photography, writing and the spaces between
How many children in the world would you guess are currently married, and how young is the youngest? The idea of child marriage seems archaic: it brings with it echoes of medieval times, or of royal alliances where securing an early marriage led to consolidation of property and power. Chances are that when we hear the term today, most of us don’t imagine a five-year-old in contemporary rural India who—despite a national law against it—is getting married to a man eight times her age.
Evidence suggests that we should, though. Today, child marriage is prevalent across the developing world, a reality in more than fifty countries. It can involve girls as young as five and six, and although some communities try to prohibit sex until the wife is older, this edict is very often ignored. An underage girl is married somewhere in the world every two seconds, and the United Nations Population Fund (UNPFA) estimates that over the next decade, there could be another 142 million child brides.
Photojournalist Stephanie Sinclair first came across the issue in 2002, when she was assigned to cover women’s self-immolation in Afghanistan. In a burn unit in the city of Herat, she discovered a disturbing pattern: many of the women and girls who’d set themselves on fire had been forced into marriage as children.
Appalled, Sinclair decided to take on the issue of child marriage as a long-term project. This meant treading gently and investing time, because communities are often secretive about the practice. “There’s no way the work could have been done without people in each community who wanted to support what we were doing,” she says. “They agreed the practice was hurting the community, and they wanted to tell the world so that it could end.”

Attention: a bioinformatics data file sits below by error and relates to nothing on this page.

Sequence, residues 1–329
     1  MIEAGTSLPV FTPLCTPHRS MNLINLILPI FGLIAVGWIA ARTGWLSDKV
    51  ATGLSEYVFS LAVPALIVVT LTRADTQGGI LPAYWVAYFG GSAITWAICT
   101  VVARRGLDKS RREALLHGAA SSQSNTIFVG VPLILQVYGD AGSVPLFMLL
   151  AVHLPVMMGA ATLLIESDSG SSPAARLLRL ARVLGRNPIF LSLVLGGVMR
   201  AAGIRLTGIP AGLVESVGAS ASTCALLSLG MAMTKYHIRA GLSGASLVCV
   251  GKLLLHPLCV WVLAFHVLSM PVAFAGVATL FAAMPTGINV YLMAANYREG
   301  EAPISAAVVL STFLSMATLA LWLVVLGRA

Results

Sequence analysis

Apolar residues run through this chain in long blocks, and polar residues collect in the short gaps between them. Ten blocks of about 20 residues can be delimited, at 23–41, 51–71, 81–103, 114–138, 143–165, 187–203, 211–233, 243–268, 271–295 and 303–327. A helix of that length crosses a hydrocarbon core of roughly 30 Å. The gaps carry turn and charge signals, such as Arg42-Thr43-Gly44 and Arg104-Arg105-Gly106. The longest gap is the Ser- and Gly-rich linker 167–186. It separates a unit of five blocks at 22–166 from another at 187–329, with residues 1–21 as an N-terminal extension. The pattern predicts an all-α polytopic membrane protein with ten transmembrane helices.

A seasoned photojournalist, Sinclair was well placed to do this work. A former staff photographer with the Chicago Tribune, she had been part of a team that won a 2000 Pulitzer Prize for reporting on problems in the airline industry. Another story she did for the Tribune, on failures in the capital punishment system, led the governor of Illinois to put a moratorium on the death penalty in the state—which, says Sinclair, was a lesson in the power of journalism. “That was a big deal, early in my career.”
Another big deal was being sent to pre-war Iraq to cover the lead-up to war, then staying during the invasion, refusing to be embedded with the military because she wanted to tell stories of ordinary Iraqis. Sinclair fell in love with the region and its people: she ended up leaving the Tribune and living in the Middle East for six years, during which time she did stories for Time, the New York Times Magazine and National Geographic.